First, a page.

Riyadh, Nov 18, IRNA - President Mahmoud Ahmadinejad said on Sunday that devaluation of US dollar has left negative impacts on OPEC and global economy.
President Ahmadinejad made the remarks in the third annual summit of Organization of Petroleum Exporting Countries (OPEC) in Saudi Arabian capital of Riyadh on Sunday.
Due to devaluation of US dollar in international and oil transactions, it is necessary to replace US dollar with another major hard currency, he stated.
The Iranian president called for drawing up of a comprehensive plan for OPEC and establishment of an specialized bank called "OPEC Bank" to safeguard the hard currencies of OPEC member states.
He also called for formation of an "Oil Bourse" by OPEC members to meet their demands.
Ahmadinejad, heading a high-ranking delegation, left Tehran on Saturday for a regional tour which took him to Bahrain and Saudi Arabia.
He left Manama for Riyadh Saturday evening where he attended the third Summit of the Organization of Petroleum Exporting Countries (OPEC).
The two-day OPEC summit started Saturday night with participation of heads of state from 13 countries.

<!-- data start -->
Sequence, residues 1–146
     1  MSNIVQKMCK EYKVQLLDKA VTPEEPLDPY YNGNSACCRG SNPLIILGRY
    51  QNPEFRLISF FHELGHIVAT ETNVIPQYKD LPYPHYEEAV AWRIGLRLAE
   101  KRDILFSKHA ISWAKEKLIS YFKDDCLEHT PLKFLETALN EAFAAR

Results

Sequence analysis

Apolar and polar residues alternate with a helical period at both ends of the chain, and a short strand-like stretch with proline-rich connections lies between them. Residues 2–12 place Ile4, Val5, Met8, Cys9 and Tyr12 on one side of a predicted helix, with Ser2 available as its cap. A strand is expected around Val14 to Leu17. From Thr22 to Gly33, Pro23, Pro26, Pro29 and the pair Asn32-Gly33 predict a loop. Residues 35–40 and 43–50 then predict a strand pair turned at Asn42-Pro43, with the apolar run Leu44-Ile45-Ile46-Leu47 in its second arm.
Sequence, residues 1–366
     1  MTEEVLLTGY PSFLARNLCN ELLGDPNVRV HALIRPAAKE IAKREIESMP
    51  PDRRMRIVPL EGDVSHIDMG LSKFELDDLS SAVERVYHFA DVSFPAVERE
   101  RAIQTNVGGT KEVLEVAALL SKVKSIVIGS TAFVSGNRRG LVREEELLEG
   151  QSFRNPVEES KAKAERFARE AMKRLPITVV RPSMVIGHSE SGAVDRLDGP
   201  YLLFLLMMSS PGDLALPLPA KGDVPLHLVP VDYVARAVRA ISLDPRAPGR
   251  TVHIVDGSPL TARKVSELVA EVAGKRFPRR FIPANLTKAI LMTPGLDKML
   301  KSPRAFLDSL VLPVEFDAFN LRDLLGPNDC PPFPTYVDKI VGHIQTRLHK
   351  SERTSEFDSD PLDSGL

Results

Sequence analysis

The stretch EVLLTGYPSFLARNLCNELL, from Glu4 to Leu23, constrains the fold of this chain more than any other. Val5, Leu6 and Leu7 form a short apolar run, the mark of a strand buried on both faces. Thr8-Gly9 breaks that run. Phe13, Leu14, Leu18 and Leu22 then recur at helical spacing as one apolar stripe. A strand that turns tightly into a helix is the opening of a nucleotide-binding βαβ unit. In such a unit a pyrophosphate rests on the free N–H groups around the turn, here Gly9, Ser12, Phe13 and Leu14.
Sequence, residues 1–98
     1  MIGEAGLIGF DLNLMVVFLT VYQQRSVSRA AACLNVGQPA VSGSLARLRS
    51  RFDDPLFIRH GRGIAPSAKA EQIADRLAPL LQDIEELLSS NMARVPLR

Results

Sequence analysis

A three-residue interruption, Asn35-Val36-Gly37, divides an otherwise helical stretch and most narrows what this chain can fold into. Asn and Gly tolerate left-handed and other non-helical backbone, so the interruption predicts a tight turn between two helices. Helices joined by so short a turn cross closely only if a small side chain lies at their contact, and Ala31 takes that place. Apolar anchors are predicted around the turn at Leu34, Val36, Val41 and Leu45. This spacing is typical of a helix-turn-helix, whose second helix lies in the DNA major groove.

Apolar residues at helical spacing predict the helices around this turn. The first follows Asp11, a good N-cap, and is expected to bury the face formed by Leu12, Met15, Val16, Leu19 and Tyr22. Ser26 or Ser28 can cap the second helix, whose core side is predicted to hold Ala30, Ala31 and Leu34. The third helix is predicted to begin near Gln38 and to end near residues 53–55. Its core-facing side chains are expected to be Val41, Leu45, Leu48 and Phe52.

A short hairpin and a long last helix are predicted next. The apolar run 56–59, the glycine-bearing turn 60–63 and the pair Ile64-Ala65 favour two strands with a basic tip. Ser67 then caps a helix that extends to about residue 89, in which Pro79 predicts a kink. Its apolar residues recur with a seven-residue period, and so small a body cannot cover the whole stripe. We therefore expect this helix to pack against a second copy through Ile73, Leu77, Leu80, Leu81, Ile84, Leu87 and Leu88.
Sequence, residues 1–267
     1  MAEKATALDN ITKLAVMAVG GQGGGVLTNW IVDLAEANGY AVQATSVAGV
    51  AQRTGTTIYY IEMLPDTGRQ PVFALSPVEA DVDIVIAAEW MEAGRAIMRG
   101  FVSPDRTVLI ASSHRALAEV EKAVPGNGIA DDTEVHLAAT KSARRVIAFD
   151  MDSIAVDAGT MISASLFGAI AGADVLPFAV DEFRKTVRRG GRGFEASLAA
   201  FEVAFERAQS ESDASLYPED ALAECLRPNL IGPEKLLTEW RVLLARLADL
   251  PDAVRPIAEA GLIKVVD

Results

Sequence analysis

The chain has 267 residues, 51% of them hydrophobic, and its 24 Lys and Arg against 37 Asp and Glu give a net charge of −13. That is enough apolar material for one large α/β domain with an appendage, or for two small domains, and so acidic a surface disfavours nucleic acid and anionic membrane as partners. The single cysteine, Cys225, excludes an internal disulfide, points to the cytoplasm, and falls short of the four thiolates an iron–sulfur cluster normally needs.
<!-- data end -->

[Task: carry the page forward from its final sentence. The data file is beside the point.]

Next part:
Foreign Minister Manouchehr Mottaki, heading a high-ranking delegation, arrived in the Saudi Arabian capital on Friday.
Oil Minister Gholam-Hossein Nozari and Minister of Economy and Finance Davoud Danesh Jaafari also arrived in Riyadh on Thursday to attend the OPEC ministerial meeting.
OPEC member states are Saudi Arabia, Iran, Indonesia, Iraq, Algeria, Kuwait, Angola, Libya, Nigeria, Qatar, the United Arab Emirates (UAE) and Venezuela.
Falling US dollar's effect on oil revenues overshadowed Saudi Arabia's promises to fight global warming at this weekend's OPEC summit in Riyadh.
Saudi Arabia committed dlrs 300 million to research climate change, while OPEC leaders pledged to cut emissions from oil and gas production.
The dollar's 10 percent decline this year has cut the buying power of revenue from record oil prices above dlrs 90 a barrel.
A further drop may harden OPEC's reluctance to raise supply in a bid to ease prices.
Ministers at the summit said the oil market was well-supplied and recent gains were due to speculation and beyond the group's control.
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